Running for Trees – Weeks Three and Four #Treeathlon

I’ve been so busy with my dissertation and my son finishing his first year of school. I have had enough time for five runs in the last two weeks but no time to blog. But here I am at the beginning of Week Five to report back on how it’s going.

Two weeks ago, at the start of Week Three I decided to go for a run in Richmond Park. I was very excited at the prospect of this, Richmond Park is one of my favourite places to be, and I felt like I was moving up a level. Most of my runs have been around the estate I live on, purely for the reason that it is the most practical and time-saving way of training.

I parked at Pembroke Lodge, changed into my running gear and plugged myself in to my ipod, scrolling through the menus as I walked along. I was looking for the Week Three podcast on the excellent NHS Counch Potato to 5K running programme the NHS provides as a free download. I realised I had downloaded every other week except Week Three! What to do next? Go for another Week Two run or live dangerously and skip stright to Week Four? I went for the latter and, feeling slightly daring as I set off, wondered if I would make it.

I decided I would do as much as I could but if it proved too much I would stop and go back to the week before. I needn’t have worried. Running through the Park was a revelation. It was a warmish, cloudy day, wth the sun peeking through the clouds, but still cool enough to wear my comfort-blanket waterproof.

The ground was earthy and soft, springy and pleasant to run on. The rain had held off and there wasn’t much mud around. And anyway, for most of the run I was under the green canopy of the trees, currently in their full-on showing-out summer glory. I felt energised as I jogged along, excited to be running in this beautiful place, and amazed to be keeping up with the Week Four podcast at the beginning of my Week Three of training! In fact I had no problem completing the run which was a great boost to my confidence- I am not as spud-like as I thought I was.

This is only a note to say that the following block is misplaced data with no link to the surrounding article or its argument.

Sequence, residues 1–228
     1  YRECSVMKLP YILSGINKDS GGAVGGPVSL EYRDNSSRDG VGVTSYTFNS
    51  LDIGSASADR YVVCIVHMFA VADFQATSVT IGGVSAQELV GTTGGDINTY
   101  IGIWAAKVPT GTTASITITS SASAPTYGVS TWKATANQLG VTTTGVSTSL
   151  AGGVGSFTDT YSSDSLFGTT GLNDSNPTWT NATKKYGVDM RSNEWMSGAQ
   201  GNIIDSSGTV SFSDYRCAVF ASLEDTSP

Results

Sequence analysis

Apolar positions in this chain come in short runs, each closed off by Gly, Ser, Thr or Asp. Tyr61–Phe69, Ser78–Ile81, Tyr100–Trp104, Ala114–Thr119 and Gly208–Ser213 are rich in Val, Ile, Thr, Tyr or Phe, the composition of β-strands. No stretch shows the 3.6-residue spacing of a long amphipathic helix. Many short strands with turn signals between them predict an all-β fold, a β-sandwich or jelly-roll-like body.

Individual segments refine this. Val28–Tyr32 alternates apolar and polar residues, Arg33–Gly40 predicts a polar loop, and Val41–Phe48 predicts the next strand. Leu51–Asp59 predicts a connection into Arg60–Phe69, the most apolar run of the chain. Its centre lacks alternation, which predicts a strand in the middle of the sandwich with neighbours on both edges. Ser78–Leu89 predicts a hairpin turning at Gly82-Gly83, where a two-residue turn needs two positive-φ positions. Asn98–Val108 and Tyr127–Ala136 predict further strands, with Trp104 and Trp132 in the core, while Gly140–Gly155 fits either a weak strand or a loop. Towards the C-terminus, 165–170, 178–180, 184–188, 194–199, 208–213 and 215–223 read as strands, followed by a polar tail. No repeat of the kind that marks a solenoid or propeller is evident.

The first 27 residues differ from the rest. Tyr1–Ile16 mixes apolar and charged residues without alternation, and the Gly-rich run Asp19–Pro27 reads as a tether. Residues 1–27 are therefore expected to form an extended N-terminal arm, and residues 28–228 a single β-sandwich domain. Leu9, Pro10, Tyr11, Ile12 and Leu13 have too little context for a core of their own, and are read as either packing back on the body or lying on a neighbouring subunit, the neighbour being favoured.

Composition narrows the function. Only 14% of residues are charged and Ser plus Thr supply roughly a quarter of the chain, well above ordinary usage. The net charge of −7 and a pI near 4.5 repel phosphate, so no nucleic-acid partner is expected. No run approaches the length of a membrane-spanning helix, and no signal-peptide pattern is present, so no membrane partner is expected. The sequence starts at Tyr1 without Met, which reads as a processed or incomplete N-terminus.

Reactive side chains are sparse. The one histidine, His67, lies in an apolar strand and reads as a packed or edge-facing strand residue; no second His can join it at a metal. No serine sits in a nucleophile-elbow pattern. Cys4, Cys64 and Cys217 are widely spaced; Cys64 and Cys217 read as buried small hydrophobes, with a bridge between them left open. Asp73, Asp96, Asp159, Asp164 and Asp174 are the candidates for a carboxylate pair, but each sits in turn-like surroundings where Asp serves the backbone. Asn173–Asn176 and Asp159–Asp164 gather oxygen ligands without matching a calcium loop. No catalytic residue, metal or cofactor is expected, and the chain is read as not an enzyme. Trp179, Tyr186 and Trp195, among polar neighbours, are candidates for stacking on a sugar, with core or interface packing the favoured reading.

I completed three runs that week but decided to be sensible and continue with the Week Four podcast in Week Four, rather than get too far ahead of myself. On my fifth run the podcast came to an end with the usual five minute walk to warm down but I wasn’t ready to stop. I scrolled through to find something that would keep the pace up (see below) and continued running for another four minutes, even speeding up, purely for the joy of continuing.

I am getting hooked on running, enjoying feeling fitter and accomplishing each small goal towards the 5k target. I am also calmer and my writing is benefitting from the mental time-out which running provides, especially with the current pressure to write my MA dissertation. The combination is a winner and I have already decided that although my first big goal is to run the Treeathlon for Trees in Cities on 15th September, I won’t stop after that.

I hope to go for another run in Richmond Park again soon but until then the estate where I live is just large enough to accommodate a half hour run. It’s a quiet leafy suburb estate, with grass verges, not yet wiped out by parking although sadly diminishing year on year. There are also still plenty of front gardens which have not been paved over or used for parking (again this is happening at a scary rate) which have trees in them. The other day I noted ash, yew, a couple of silver birch and rowen trees amongst others. I think I will try and see how many species I can spot as I continue to run round my estate.

This neatly brings me to the point of the Treeathlon- to raise money for Trees In Cities. What would a city be like without its lungs? Because that is what trees are, and they provide lots of other benefits too. Trees In Cities have lots of information about this very subject here. Each time I run locally I do a circuit which includes a section of the A3, the massive artery road into London right next to where I live. There are no trees on this road, apart from those in people’s front gardens, where they provide a vital screen from the exhaust fumes and constant noise. I run this way on purpose at the moment, especially after the run in Richmond Park, as a meditation and a reminder of what trees do for us. We cannot and must not underestimate their importance.

Trees feature in my writing all the time, they creep in like ents when I think I am writing about something else. I like it that way…

One thought on “Running for Trees – Weeks Three and Four #Treeathlon

Leave a Reply

Fill in your details below or click an icon to log in:

WordPress.com Logo

You are commenting using your WordPress.com account. Log Out / Change )

Twitter picture

You are commenting using your Twitter account. Log Out / Change )

Facebook photo

You are commenting using your Facebook account. Log Out / Change )

Google+ photo

You are commenting using your Google+ account. Log Out / Change )

Connecting to %s